This month’s Community Message was adapted from Joy Connolly’s Report to the Council on Friday, April 28, 2023, in Philadelphia

Greetings from ACLS! 

I used to assign an exercise on the first day my classes met: I would ask the students to choose an artwork that embodied the ideal class. Some chose a symphony; others, improv theater or a jazz performance. I often suggested a sculpture by Anthony Caro. A British artist who was active through the second half of the twentieth century and a bit beyond, Caro connects straight or curved steel extensions or tubes to I-bars or steel cut-outs. The whole arrangement is often brightly colored bold red, yellow, purple, or blue, and balanced directly on the ground: no pedestal. Caro was my artistic instantiation of a good class because his works draw attention to the phenomena of dynamic tension and balance, and to the relation of one element to another. Attending to these things, it seems to me, is the essence of a good class.

Anthony Caro, Table Piece CCCLXXXVIII, National Galleries of Scotland © Barford Sculptures Limited

When I think of what form ACLS might take if it were an artwork, I find myself thinking once again of Anthony Caro. As a federation of societies and a host of networks, we comprise many different elements and initiatives, both bold and grounded, and we seek to find the right balance among them. 

A Caro sculpture also captures the dynamic tensions that characterize higher education today—and that we feel at ACLS as we go about our work. A more prosaic way of putting it is that we walk a number of different tightropes. 

On the one hand, we avoid talking about the decline of the humanities or the liberal arts, first, because we don’t want to reinforce a misleading and worn-out narrative of crisis, and second, because there are so many great things underway. I will name just six:  

  • Research into historically understudied areas and the growing visibility of fields like disability studies and Indigenous studies, to name just two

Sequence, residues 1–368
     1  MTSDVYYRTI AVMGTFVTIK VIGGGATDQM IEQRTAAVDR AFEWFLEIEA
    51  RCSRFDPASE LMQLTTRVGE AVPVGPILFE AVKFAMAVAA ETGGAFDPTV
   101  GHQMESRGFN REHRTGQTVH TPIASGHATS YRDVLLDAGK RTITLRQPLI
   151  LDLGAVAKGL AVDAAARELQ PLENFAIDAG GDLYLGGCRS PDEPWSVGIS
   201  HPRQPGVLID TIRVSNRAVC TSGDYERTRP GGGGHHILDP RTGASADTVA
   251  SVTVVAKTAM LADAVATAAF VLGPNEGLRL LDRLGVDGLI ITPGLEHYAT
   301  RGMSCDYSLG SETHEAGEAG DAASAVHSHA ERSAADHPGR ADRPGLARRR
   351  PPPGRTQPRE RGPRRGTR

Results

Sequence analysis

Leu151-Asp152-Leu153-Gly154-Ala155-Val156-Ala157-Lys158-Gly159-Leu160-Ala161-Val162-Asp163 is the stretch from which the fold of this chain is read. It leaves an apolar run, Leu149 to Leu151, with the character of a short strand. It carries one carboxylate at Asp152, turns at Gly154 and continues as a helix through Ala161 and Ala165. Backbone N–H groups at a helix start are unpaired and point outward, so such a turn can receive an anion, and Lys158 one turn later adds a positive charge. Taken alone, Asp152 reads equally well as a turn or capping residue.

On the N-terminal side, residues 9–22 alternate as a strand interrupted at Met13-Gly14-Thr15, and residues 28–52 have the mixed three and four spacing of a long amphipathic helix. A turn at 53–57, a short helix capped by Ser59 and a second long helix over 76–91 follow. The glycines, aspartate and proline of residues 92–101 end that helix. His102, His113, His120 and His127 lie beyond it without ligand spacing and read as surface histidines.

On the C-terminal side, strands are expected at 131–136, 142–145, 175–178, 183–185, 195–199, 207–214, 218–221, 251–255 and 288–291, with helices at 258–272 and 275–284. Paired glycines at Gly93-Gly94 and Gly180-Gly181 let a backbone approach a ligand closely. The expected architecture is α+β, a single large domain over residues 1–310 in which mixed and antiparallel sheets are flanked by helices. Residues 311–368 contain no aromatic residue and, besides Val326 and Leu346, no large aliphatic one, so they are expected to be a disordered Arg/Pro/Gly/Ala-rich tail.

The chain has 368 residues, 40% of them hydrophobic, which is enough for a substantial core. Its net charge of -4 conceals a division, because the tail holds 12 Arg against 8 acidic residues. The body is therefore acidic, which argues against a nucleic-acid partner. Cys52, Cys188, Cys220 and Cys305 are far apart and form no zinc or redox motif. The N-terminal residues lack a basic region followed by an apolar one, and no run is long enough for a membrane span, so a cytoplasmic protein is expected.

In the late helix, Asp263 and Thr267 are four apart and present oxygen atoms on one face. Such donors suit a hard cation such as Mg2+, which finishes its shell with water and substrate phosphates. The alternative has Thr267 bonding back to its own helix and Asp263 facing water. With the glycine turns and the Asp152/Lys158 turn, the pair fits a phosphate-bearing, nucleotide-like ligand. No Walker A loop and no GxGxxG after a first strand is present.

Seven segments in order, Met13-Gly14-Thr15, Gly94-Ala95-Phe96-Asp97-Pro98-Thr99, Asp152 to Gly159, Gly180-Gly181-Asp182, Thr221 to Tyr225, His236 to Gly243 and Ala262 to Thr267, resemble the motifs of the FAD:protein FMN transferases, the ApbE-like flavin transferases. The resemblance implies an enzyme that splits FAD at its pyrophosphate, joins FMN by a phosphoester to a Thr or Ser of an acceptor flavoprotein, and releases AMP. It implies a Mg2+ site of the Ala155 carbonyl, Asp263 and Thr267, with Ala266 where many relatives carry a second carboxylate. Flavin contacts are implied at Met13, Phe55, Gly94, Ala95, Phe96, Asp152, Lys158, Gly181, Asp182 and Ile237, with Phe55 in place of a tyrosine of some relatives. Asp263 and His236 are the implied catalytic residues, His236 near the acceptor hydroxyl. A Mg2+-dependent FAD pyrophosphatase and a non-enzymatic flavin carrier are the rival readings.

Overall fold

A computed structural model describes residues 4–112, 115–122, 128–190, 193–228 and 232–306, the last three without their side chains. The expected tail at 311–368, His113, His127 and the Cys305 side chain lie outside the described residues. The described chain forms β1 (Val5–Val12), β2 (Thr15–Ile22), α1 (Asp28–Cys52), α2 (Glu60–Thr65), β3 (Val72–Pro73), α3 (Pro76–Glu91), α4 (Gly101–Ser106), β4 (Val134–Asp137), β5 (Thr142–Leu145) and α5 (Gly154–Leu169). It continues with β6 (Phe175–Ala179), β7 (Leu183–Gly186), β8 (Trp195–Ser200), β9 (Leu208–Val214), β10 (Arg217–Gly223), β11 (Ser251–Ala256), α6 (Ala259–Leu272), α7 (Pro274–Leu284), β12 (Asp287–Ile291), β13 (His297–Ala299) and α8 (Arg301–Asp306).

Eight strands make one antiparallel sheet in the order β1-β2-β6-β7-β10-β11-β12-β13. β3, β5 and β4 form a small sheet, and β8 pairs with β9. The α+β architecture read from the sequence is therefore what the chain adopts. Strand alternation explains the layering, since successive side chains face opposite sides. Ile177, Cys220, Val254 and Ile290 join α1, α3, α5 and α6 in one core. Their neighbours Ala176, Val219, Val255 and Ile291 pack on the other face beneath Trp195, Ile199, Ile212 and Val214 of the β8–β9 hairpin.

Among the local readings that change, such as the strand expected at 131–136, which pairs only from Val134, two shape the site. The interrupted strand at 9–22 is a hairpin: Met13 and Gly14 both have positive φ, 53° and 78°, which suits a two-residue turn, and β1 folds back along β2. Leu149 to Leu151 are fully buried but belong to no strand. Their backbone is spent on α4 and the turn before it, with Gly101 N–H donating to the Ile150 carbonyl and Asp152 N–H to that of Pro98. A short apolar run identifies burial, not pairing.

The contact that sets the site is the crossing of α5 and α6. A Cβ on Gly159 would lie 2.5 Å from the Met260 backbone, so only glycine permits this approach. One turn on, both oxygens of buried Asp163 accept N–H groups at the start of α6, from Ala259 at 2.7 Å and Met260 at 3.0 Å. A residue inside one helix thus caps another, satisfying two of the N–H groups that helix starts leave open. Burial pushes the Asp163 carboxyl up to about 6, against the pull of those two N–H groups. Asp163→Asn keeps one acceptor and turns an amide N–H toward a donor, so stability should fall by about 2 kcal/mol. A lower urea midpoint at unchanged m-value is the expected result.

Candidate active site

• Growth of and greater value given to multimodal, transcultural, collaborative, and applied humanities and social sciences
  • Interdisciplinary and applied programs that are successfully drawing undergraduates, like the applied humanities program at the University of Arizona, to name just one
  • Majors combining the sciences, social sciences, and the humanities, like those gathered in the report Branches from the Same Tree, published by the National Academies of Sciences, Engineering, and Medicine
  • Exciting growth in general education programs like the Cornerstone Project at Purdue, funded by the Teagle Foundation
  • The growing reach and ambition of public humanities programs, many funded by the National Endowment of the Humanities.

At the same time, we can’t ignore the migration of undergraduates to STEM and business-related fields and the decreasing numbers of tenure track faculty jobs. While we celebrate the success stories, then, we also inject a sense of urgency into our efforts to recognize scholarship that shows promise of finding broad readership, teaching that attracts more students and majors, and administration that advocates for our fields.

As a federation of societies and a host of networks, we comprise many different elements and initiatives, both bold and grounded, and we seek to find the right balance among them.